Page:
"From this hour I ordain myself loos'd of limits and imaginary lines, going where I list, my own master total and absolute, Listening to others, considering well what they say, Pausing, searching, receiving, contemplating, Gently, but with undeniable will, divesting myself of the holds that would hold me."
Walt Whitman (1819-92)
"When I look back now over my life and call to mind what I might have had simply for taking and did not take, my heart is like to break."
Akhenaton (d. c.1354 BC)
And now, the current weather, from some random person we pulled off the street:
Wednesday, April 19, 2006
la·ment Function: verb Etymology: Middle English lementen, from Middle French & Latin; Middle French lamenter, from Latin lamentari, from lamentum, n., lament 1 : to express sorrow, mourning, or regret for often demonstratively : MOURN 2 : what so many of us have done this week
For most of us who fight this illness, bipolar disorder, there are times in our lives when we sink into a depression that there is no word for. It isn't sadness. It isn't hopelessness. It isn't distress. It is so far beyond all of those things, that no word can contain the blackness of it.
I think the best way I can explain it is that it is like a craving, sort of. It's like when a smoker can't get a cigarette, or a heroin user can't get a fix. But in our case, we experience a vast sucking emptiness in our hearts, way past what we were ever designed to feel. Nothing, nothing can fill it.
It can even physically hurt, its so bad.
Why does this happen? It's because our illness messes with our brain chemicals. And although things that happen, things that we think, can sometimes trigger these changes, at the root of it we know it is completely biological and chemical. We are not in the dark room because we had a bad childhood or "have trouble coping." We are there because there simply isn't any seratonin or dopamine or pseudoepinephrine or whatever.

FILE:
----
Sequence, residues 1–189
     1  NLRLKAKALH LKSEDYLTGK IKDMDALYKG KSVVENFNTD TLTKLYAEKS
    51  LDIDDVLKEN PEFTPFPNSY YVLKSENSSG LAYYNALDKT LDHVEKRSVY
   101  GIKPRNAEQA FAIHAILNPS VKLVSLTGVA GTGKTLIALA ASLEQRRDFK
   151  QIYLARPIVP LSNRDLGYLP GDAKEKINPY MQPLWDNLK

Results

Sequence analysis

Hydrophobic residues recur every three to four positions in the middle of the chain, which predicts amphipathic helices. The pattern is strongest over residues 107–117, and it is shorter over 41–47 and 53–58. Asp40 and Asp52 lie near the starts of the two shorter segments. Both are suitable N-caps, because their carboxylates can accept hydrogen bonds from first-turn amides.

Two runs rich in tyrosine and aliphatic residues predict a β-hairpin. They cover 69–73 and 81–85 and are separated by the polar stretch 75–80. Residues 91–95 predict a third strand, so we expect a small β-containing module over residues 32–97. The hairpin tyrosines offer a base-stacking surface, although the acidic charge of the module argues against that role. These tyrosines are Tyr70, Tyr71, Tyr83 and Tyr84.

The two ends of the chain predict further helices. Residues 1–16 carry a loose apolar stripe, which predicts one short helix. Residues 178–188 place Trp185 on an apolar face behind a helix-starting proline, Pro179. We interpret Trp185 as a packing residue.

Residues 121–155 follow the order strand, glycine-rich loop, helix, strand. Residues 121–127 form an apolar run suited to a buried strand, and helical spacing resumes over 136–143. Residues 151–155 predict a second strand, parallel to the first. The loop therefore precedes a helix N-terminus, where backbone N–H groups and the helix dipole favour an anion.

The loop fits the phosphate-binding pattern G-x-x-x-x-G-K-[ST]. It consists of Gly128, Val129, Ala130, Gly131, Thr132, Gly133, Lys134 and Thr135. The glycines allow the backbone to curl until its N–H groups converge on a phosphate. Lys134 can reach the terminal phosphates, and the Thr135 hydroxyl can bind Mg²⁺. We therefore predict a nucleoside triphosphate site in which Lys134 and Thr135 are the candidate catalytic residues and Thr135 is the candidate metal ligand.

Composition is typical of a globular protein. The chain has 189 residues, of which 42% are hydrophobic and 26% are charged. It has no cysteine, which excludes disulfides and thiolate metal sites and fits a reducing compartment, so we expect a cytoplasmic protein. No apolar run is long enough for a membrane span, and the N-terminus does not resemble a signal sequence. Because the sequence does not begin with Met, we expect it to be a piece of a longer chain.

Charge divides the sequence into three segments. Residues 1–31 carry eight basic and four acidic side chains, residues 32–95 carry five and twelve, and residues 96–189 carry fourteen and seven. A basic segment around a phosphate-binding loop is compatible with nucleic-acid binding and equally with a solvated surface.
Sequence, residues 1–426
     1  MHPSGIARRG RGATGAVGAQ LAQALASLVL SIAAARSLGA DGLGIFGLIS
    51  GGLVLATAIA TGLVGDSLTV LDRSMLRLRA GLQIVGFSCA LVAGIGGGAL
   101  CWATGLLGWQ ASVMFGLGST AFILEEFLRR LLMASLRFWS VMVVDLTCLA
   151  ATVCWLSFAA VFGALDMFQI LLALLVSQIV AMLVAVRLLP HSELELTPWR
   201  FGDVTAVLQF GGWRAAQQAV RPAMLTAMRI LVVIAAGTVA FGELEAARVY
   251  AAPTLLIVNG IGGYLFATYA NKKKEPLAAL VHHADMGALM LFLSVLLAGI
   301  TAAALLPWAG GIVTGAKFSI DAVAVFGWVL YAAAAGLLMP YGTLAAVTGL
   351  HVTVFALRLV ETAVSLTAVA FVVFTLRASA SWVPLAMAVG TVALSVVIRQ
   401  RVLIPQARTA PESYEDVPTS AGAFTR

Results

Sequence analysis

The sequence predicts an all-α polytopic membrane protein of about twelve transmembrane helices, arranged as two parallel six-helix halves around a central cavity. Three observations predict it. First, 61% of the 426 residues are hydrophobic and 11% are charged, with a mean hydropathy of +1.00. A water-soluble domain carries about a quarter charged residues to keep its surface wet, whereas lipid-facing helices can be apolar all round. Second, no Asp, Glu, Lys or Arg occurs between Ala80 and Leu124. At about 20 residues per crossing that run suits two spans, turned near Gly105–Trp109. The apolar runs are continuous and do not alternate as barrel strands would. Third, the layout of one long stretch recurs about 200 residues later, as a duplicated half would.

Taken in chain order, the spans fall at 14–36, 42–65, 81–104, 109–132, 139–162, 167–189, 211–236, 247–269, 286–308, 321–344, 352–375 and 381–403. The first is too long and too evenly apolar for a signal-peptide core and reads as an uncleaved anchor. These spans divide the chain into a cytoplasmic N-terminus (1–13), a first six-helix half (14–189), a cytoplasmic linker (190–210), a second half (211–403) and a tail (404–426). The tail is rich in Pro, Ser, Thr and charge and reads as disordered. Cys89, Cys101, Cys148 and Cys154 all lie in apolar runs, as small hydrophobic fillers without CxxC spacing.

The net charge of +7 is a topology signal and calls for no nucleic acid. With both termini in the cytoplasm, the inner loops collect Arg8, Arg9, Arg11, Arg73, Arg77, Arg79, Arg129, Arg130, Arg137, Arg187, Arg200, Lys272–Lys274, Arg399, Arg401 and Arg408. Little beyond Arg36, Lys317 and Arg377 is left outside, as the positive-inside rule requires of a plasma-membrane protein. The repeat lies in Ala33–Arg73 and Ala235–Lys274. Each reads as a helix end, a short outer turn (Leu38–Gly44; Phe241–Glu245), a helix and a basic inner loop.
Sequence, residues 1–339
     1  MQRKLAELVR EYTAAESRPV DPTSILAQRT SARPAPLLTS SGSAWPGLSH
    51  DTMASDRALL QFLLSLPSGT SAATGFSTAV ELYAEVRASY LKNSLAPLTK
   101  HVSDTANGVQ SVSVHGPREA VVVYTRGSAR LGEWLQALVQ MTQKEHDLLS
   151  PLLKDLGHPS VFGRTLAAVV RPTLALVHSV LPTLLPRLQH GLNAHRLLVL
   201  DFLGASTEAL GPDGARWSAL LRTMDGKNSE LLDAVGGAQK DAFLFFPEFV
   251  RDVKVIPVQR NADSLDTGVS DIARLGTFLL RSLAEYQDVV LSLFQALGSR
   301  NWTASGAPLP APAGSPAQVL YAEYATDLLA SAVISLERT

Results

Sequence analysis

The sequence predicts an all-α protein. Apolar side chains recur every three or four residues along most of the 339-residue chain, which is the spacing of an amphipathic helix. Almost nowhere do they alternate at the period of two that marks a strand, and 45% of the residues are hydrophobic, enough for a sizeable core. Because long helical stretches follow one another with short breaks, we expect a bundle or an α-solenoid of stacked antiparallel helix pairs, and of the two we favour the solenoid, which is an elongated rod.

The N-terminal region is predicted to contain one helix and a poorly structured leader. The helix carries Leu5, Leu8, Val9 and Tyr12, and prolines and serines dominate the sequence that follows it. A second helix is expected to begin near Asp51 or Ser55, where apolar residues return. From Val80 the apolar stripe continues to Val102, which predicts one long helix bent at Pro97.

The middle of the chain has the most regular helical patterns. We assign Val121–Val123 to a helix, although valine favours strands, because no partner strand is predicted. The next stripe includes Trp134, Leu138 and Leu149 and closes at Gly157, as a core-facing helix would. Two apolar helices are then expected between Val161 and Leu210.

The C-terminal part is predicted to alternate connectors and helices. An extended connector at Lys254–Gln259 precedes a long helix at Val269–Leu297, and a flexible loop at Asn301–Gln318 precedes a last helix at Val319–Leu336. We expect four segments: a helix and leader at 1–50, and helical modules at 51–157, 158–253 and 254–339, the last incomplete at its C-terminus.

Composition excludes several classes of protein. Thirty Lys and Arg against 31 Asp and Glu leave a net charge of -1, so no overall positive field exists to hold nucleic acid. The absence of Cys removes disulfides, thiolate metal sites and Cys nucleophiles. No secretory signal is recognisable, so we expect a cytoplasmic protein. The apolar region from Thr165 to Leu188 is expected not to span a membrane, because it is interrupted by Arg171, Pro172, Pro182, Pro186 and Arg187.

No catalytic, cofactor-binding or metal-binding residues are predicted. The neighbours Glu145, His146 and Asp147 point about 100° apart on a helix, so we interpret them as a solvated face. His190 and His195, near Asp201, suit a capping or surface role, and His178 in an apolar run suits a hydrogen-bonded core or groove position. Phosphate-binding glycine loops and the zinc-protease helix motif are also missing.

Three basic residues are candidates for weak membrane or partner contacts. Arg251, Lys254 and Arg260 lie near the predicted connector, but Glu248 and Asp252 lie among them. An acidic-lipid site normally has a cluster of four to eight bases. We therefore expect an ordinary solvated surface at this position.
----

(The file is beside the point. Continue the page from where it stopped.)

Our illness is cyclical, meaning that we go from "normal" to having too much chemical to too little chemical and back again, to put it quite simply. And some of us are sort of "stuck" in a portion of that cycle. People who are stuck in the "up" phase, or the "manic" phase, have high energy and production levels and need little sleep. At a bit higher level, people get grandiose and do risky things.
But the other end of the spectrum is those who are stuck in the down or depressed part of the cycle. For these people life is truly hell on Earth. Day after day, moment after moment, they struggle and fight just to perform the basic essentials of life. For them, something as simple as taking a shower is a monumental accomplishment and takes almost superhuman strength. Many times those around them don't realise this, and things are said and done that bring a lot of harm to a lot of people.
Being stuck in the depressive phase causes people to lose their jobs, their homes, their friends. And it feeds on itself, with each part of life lost contributing to the overwhelming feeling of hopelessness.
I know several people who spend horrible amounts of time in the depressive phase of this illness. One in particular, Kristine, was one of the most special to me.